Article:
A shadow of our former selves!

On Easter Sunday we watched the Pope’s Mass from the Vatican, had breakfast then went down into Vilanova where we wandered around the front taking in the sight of the Spanish folk celebrating the Resurrection. The weather was once again quite beautiful and the afternoon went by in a flash, but not before we had taken advantage of the Sunday opening to go into the deep-water port for a closer look at the really big yachts which use this facility. I pointed out to lady Burton that my pension just wouldn’t stretch that far!

Yacht to see the others!

We also managed to find time to roll our eggs (cream egg size but hollow) down by the café at the beach so at least a wee bit of tradition was maintained. When we got home to the caravan, we had some FaceTime with Gavin and Ari but couldn’t contact the rest of the boys so they’ve been written out of the will! I told them this on Messenger and they are queuing up today to wish me a belated happy Easter, old man! Hmmmmmm!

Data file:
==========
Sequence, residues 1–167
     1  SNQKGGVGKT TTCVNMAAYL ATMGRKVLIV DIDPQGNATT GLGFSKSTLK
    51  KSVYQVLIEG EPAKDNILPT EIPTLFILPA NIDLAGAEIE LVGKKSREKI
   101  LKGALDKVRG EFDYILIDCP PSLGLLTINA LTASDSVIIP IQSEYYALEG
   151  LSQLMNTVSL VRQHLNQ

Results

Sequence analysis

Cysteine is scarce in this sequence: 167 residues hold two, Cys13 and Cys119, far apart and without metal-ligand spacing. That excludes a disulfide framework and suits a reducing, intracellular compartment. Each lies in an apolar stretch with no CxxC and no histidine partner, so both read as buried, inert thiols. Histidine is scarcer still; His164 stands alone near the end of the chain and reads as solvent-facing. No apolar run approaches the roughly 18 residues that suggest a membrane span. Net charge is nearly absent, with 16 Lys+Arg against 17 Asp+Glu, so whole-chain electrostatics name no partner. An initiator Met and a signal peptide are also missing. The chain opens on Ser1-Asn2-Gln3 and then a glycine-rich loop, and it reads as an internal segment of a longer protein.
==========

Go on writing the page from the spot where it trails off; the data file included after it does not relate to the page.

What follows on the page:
The next post will probably be in a fortnight when we get back from our weekend in Madrid to celebrate our 19th wedding anniversary. My, how time flies. Don’t tell Mary, whatever you do, but I’ve loved every minute! (except that time she walked in front of the TV just as Germany scored in the World Cup Final!)

 

Day 5/208: Heat